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Americans read adult studies for one reason, .They want to know, 'how am they are doing?' . They suspect that somewhere out there, someone else is having more fun in bed.
The desire for comparisons is meaningless.
Among the most widely publicized sex reports in decades, stunned the world by revealing that Americans' favorite sex act was plain intercourse. Pundits concluded that tradition (and the missionary position) reigned supreme in the bedroom.
In 1998, study commissioned of the sexual attitudes and practices of Americans 45 and older—the first such nationwide inquiry to span midlife to old age.
Earlier polls may have underestimated the sexual activity of healthy older adults by lumping together people who have a regular partner with people who don't.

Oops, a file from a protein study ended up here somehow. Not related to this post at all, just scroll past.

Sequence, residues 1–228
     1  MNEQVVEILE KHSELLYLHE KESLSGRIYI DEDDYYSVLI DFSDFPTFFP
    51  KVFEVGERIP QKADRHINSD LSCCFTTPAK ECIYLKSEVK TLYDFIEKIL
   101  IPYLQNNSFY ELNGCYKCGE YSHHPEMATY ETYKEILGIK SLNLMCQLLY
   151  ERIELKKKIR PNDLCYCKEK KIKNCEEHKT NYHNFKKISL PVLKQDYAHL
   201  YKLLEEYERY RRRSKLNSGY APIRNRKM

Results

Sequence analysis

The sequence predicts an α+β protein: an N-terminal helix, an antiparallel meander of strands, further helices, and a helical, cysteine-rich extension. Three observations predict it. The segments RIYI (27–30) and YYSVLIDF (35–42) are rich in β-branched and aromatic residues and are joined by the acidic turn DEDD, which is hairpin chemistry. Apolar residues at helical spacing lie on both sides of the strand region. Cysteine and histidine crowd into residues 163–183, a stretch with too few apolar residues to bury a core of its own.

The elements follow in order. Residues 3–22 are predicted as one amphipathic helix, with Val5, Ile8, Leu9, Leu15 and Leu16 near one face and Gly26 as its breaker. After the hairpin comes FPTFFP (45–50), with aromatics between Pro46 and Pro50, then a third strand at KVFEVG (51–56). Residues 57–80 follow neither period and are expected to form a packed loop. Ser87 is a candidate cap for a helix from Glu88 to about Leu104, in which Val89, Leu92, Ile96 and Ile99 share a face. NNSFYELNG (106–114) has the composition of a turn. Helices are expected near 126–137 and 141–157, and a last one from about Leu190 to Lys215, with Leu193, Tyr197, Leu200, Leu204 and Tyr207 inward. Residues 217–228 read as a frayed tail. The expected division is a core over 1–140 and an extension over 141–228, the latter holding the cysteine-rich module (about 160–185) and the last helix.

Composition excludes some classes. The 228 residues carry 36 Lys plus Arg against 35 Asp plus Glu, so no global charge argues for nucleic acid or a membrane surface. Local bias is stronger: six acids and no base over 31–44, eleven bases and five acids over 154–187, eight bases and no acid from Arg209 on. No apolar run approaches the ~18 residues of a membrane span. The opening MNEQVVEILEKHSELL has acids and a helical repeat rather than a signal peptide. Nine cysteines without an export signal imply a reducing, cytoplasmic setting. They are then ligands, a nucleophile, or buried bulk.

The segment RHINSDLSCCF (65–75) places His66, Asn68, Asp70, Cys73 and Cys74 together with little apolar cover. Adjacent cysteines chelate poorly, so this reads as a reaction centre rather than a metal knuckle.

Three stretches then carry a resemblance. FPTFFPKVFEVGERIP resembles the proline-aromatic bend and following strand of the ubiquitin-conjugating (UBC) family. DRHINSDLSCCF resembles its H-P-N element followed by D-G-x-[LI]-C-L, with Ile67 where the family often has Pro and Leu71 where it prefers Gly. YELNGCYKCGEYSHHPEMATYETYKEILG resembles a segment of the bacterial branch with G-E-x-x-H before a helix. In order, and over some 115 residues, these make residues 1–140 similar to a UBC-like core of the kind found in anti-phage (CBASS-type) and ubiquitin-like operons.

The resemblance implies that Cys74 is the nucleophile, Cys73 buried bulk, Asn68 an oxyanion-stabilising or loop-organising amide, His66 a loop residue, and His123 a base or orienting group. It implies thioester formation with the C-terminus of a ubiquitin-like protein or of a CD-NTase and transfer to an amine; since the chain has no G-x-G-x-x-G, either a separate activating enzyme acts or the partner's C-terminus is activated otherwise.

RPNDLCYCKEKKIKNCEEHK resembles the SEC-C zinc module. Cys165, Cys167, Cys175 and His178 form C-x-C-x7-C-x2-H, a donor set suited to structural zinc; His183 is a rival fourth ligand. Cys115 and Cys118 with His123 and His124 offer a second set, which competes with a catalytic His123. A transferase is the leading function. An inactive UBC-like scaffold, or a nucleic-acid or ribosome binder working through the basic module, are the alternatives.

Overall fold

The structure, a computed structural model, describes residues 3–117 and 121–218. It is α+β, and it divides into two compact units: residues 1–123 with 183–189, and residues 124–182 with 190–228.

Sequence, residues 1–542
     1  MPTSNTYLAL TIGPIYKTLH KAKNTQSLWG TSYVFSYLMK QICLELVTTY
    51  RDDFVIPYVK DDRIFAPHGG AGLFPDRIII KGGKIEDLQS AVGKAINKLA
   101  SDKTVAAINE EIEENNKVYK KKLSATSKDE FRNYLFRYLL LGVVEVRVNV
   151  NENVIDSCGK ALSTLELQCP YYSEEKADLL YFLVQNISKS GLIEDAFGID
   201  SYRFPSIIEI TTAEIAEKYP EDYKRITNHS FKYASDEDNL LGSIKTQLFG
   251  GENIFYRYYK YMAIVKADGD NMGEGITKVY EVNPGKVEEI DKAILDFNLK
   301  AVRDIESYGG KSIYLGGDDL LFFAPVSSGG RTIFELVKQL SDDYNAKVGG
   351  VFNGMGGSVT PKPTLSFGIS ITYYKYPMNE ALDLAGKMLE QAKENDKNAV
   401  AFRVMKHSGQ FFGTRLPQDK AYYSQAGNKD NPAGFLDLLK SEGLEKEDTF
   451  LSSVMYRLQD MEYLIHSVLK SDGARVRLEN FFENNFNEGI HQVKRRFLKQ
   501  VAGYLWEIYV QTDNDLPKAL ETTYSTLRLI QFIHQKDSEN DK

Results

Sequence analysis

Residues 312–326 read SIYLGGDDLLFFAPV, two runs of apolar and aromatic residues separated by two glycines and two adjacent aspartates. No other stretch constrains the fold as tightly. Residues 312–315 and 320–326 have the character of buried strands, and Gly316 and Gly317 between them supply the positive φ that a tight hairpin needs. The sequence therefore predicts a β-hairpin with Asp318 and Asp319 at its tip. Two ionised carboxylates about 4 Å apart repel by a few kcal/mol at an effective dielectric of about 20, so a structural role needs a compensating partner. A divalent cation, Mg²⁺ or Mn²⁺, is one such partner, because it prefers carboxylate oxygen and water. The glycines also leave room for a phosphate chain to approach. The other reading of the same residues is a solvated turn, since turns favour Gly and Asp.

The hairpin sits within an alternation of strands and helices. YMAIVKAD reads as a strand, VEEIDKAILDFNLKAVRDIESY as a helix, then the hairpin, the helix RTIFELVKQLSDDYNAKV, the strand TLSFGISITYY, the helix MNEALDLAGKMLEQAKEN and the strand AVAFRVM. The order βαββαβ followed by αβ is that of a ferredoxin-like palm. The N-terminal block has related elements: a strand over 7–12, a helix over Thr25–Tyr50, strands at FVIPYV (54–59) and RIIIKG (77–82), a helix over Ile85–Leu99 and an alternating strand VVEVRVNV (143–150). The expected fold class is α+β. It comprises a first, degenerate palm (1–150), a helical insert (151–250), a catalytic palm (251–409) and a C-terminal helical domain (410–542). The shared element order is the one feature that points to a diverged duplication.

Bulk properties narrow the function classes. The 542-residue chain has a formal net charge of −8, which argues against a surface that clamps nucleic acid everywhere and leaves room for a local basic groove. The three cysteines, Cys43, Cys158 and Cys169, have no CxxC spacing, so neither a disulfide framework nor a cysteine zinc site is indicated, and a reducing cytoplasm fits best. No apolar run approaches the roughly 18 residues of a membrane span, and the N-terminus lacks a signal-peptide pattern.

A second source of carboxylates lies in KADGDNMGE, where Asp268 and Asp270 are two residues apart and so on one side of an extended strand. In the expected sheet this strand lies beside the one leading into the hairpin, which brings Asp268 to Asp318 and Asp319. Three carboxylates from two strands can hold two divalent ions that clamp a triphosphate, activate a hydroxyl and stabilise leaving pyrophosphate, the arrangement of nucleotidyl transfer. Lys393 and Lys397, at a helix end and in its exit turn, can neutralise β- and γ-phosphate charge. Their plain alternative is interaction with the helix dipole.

The AARP/ Modern Maturity Sexuality Study didn't make that mistake—and the results don't lend themselves to easy generalizations .
What emerges is not one big picture but a series of closeups, illuminating the physical and emotional complexity of sex in midlife and beyond. Among the most significant snapshots:
About half of 45- through 59-year-olds have sex at least once a week, but among 60- through 74-year-olds, the proportion drops to 30 percent for men and 24 percent for women.

While frequency drops with age, more than 70 percent of surveyed men and women who have regular partners are sexually active enough to have intercourse at least once or twice a month.
About two thirds of those polled were extremely or very satisfied with their physical relationships.
With advancing age, any gender gap in behavior is overshadowed by a partner gap between the haves (men of every generation) and the have-nots (half of women 60 through 74 and four out of five 75 and older). More than 50 percent of men and women with partners—but less than half of 1 percent of women and only 6 percent of men without a regular partner—have intercourse at least once a week.